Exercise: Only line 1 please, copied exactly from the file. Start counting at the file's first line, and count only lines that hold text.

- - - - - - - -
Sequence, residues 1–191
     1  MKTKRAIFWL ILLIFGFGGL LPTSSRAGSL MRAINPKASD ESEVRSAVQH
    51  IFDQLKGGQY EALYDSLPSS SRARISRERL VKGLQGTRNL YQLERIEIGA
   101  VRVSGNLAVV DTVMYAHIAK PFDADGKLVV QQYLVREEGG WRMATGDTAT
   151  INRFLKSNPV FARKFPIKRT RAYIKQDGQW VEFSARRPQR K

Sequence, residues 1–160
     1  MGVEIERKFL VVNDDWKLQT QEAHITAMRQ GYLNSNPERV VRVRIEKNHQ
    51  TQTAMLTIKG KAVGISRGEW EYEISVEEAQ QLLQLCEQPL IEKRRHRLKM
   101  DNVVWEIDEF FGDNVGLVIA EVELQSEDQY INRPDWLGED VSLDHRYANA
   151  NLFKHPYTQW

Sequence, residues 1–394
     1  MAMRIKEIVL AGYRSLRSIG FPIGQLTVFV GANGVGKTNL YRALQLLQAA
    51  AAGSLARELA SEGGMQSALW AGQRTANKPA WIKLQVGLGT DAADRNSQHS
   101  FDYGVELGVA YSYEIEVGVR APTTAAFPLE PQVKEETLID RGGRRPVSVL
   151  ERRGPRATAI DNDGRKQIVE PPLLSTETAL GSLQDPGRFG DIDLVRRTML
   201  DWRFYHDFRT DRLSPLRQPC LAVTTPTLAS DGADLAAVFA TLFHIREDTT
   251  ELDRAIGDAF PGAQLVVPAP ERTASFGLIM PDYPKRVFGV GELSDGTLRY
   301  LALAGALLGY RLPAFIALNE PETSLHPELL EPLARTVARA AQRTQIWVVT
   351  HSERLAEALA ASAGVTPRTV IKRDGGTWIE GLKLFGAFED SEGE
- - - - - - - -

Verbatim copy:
Sequence, residues 1–191